Hawthorn berries are not directly poisonous, but there are certain circumstances in which they can have adverse effects. The seeds in Hawthorn berries contain a compound called amygdalin, which is cyanide bonded with sugar. This changes to hydrogen cyanide in the small intestine, and the result can be deadly.
It is best to spit out Hawthorn seeds when consuming the whole berry. A few seeds are not necessarily going to cause a problem for an adult, but a child is likely to be adversely affected. The berries themselves are not poisonous, but many people report an unpleasant aftertaste from eating the fruit. Large doses of Hawthorn have been reported to be toxic.
Hawthorn has a variety of medical uses and is used in supplement form to treat various maladies. Specifically it is used to treat heart failure, especially mild forms of congestive heart failure. It is less effective for severe forms of heart failure. The berries are used in teas to lower blood pressure as well.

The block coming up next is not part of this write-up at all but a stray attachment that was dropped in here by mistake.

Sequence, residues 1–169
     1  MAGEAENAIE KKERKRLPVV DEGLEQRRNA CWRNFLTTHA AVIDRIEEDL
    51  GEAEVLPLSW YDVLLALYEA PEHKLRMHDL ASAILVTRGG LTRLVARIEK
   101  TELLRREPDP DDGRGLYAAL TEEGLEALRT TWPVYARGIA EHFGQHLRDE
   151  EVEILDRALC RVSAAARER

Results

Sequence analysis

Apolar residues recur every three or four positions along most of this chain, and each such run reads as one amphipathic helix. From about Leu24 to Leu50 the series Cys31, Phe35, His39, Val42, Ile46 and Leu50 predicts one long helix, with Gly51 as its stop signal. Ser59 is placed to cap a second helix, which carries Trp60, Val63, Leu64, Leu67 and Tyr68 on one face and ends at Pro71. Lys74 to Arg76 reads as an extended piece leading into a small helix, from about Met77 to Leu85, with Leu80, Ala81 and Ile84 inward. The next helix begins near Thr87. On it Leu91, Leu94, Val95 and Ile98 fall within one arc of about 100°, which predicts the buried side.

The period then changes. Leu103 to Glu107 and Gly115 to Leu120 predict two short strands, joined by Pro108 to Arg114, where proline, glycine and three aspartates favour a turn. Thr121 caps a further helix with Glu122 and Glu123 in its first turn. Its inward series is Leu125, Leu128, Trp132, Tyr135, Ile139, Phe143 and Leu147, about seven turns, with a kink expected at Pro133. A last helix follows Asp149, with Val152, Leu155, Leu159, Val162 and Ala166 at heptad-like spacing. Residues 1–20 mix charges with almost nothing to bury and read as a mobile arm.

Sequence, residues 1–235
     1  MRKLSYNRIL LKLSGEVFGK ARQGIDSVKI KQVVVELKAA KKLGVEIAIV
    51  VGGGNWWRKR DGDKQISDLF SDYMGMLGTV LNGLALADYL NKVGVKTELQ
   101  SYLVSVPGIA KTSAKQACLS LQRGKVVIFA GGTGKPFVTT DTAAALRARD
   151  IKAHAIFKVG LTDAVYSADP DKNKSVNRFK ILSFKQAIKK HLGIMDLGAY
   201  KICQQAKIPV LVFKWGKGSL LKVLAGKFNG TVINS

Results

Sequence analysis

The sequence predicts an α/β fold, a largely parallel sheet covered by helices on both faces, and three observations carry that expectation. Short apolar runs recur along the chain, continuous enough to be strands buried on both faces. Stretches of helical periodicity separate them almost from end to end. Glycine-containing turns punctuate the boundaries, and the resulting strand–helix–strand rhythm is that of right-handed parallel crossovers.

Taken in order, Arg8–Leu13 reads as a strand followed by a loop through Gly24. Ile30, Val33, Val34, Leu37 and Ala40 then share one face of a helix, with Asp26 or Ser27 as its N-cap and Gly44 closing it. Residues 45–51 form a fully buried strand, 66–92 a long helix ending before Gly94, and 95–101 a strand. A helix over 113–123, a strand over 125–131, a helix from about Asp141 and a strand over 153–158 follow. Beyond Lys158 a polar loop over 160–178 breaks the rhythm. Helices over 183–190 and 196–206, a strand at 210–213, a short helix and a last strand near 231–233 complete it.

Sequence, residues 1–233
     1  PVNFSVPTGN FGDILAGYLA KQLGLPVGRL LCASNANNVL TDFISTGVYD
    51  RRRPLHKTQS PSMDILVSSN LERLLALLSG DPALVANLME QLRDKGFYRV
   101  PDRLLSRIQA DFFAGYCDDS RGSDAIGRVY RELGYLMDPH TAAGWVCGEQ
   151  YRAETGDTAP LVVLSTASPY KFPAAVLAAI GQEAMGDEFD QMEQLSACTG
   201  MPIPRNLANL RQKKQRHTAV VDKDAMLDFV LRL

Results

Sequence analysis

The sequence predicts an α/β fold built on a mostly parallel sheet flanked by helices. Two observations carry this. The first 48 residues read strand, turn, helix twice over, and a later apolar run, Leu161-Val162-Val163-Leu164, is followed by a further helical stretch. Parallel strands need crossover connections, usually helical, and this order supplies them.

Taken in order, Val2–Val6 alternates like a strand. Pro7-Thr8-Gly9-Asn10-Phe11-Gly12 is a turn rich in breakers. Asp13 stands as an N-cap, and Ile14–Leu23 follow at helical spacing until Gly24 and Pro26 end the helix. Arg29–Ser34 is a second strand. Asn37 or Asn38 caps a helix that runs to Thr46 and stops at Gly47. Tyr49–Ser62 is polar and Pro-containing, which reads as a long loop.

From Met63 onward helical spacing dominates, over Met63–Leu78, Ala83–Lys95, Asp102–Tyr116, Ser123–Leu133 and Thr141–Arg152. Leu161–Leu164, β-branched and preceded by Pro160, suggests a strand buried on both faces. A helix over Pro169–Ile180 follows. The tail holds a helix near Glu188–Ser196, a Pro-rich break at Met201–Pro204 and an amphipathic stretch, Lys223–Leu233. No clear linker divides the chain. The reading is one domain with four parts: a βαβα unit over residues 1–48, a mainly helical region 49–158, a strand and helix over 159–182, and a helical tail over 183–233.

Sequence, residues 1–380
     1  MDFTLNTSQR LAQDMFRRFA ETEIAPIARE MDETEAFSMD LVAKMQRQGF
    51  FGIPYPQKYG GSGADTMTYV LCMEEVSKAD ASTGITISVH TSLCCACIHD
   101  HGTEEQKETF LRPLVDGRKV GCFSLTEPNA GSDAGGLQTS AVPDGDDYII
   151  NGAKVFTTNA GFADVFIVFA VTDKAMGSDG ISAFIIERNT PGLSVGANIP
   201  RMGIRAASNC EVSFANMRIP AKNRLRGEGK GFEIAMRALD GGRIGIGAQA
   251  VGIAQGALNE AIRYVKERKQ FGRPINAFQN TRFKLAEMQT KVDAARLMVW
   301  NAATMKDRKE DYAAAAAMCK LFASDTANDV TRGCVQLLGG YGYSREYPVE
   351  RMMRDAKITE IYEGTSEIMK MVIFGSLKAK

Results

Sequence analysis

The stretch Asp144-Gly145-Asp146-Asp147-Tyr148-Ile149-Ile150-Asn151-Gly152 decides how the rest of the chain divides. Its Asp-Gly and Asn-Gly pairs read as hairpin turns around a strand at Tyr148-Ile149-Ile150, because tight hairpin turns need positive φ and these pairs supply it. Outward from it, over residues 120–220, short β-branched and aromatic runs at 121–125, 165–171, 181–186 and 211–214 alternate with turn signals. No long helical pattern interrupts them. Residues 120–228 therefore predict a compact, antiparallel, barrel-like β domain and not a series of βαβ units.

Hawthorn berries are also widely used in cooking jellies because they are naturally high in pectin. However, Hawthorn berries have little taste of their own and are usually mixed with other fruits in items such as pies or wine.